Key Highlights from the Wetland Degradation Report
- Wetland degradation: According to the estimates, India has lost nearly two of five wetlands in the last 30 years, while 40% of them can’t support aquatic animals.
- Major causes of degradation:
- Unplanned urbanization: Vadodara lost 30% of its wetlands between 2005 and 2018, while Hyderabad has lost 55% of its semi-aquatic bodies due to inefficient waste management and unchecked urban development.
- Erosion: The largest wetland in India, the Sunderbans has lost around 25% of its mangroves due to erosion over the past three decades. One of the main culprits for this is reduction in sediments due to upstream dams.
- Waste disposal: Due to lack of knowledge on wetlands and their ecosystem, most wetlands end up being abused as sites of waste disposal, resulting in their widespread loss.
- Reclamation: Reclamation activities have caused massive declines in coastal wetland areas. With the increasing human activities, the coastal wetland ecosystems were destroyed or replaced by a drained and impervious surface.
- Impacts of Degradation:
- Flood vulnerability: Degeneration of urban wetlands due to unplanned development compromises the landscape’s resilience to floods. For example, 2015 Chennai floods.
- Current scenario of protection: India presently has around 2.2 lakh big wetlands covering over 2.2 hectares and 5.5 lakh smaller ones.
- Of these, nearly 60,000 big wetlands are situated inside protected forest areas which could be deemed as safe.
- Of the remaining, conservation work has been carried out on 150 to 200 water bodies so far.
- A total of 75 Indian wetlands with a surface area of over a million hectares are designated as wetlands of international importance under the Ramsar Convention.
About Wetlands International
- It is an independent, not-for-profit, global organization that works to sustain and restore wetlands and their resources for people and biodiversity.
- It was founded in 1937 and was formerly known as International Waterfowl & Wetlands Research Bureau (IWRB).
- Headquarters: Ede, Netherlands
- It coordinates the International Waterbird census of which the Asian Waterbird census is an integral part.
- Also, it is one of the International Partner Organizations of the Ramsar Convention.
What are Wetlands?
- Wetlands are defined as: “lands transitional between terrestrial and aquatic eco-systems where the water table is usually at or near the surface or the land is covered by shallow water”.
- Types of Wetlands:
- Marshes: These are wetlands that are permanently flooded or flooded during high water periods at the edges of rivers, streams, lakes, or ponds.
- Sedge meadows (or wet meadows): These are wetlands with permanently or near-permanently saturated soils. They may form a transitional zone between marshes and other wetlands with less-saturated soils, or around groundwater discharge zones.
- Fens and seeps: These are wetlands that are fed by groundwater that “seeps” out to the soil’s surface.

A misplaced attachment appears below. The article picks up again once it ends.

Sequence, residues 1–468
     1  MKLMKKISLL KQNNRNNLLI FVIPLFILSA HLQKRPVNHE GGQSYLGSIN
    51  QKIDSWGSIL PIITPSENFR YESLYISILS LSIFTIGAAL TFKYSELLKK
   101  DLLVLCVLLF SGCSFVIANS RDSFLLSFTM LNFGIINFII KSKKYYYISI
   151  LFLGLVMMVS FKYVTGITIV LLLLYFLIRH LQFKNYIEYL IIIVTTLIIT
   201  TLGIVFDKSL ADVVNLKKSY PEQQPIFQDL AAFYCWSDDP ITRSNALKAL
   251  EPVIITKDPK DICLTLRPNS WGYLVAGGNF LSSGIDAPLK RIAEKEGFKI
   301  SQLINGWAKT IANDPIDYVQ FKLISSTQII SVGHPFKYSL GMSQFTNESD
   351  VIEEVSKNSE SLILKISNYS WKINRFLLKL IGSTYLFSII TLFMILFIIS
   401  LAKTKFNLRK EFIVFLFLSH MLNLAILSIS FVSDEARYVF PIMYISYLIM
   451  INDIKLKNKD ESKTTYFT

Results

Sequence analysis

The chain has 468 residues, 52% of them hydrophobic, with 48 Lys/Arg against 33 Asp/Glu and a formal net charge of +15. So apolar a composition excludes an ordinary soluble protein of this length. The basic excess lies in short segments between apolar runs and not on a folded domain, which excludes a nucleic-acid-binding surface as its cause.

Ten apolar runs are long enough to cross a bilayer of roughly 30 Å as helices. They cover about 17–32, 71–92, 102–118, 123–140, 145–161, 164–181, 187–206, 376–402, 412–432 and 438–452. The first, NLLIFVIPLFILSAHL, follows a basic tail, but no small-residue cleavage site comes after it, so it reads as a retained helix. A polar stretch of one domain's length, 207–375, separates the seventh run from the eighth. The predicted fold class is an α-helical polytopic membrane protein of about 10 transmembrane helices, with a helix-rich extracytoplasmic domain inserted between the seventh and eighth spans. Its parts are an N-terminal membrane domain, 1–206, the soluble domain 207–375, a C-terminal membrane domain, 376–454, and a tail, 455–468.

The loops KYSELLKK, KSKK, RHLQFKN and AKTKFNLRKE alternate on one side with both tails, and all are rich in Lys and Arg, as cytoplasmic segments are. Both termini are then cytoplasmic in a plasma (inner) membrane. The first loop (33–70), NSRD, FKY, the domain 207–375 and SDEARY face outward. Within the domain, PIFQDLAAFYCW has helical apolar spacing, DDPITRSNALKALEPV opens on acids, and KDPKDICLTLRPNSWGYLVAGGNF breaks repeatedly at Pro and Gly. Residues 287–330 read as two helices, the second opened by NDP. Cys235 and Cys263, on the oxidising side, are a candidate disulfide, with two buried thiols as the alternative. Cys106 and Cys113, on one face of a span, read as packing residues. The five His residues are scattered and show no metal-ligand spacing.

- Bogs: These are basin wetlands for which precipitation is the only source of water; they are typically not fed by surfacing groundwater or streams.
- Swamps: These are wetlands dominated by woody vegetation that typically have standing water during at least certain times of the year.
- Ecosystem services provided by wetlands:
|Cultural||Ecotourism and recreation: Wetlands can be used as parks to observe and enjoy unique organisms and habitats.|
|Provisioning||Water source: Wetlands can remove impurities from water, providing a drinking water source.
Raw materials: Wetland soils are fertile, and could be used for farming.
|Regulating||Water regulation: Wetlands store water, helping to prevent floods and to provide water during times of drought.
Climate regulation: Wetlands are source and sink for greenhouse gases; influences local and regional temperature; precipitation, and other climatic processes.
Natural hazard regulation: Flood control and storm protection.
|Supporting||Nutrient cycling: Microorganisms in wetlands can remove excess nutrients from the water.
Photosynthesis: Plants within wetlands can acts as oxygen source (and carbon sink).
- Efforts Towards Wetland Conservation:
|At Global Level||The Ramsar convention: It envisages the conservation and wise use of all wetlands through local and national actions and international cooperation. It came into force in 1975.
Currently, India has 75 Ramsar sites which are the highest in South-Asia.
The Montreux Record: The Montreux Record is a database of wetland sites on the Ramsar Wetlands of International Importance List that have undergone, are undergoing, or are projected to experience changes in ecological status as a result of technological advancements, pollution, or other human interference.
|At National Level||Statutory Protection: In India, the wetlands are regulated under the Wetlands (Conservation and Management) Rules, 2017.
Action Plan of MoEFCC: The Ministry of Environment, Forest and Climate Change (MoEFCC) supports the implementation of management action plans for over 250 wetlands under schemes such as National Plan for Conservation of Aquatic Ecosystems, Mangroves and Coral Reefs, and Integrated Development of Wildlife Habitats.